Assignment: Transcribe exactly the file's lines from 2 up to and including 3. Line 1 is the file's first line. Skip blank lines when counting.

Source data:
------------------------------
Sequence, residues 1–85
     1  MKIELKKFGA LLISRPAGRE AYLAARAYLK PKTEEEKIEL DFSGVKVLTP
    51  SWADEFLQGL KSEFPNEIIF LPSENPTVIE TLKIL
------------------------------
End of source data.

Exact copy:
     1  MKIELKKFGA LLISRPAGRE AYLAARAYLK PKTEEEKIEL DFSGVKVLTP
    51  SWADEFLQGL KSEFPNEIIF LPSENPTVIE TLKIL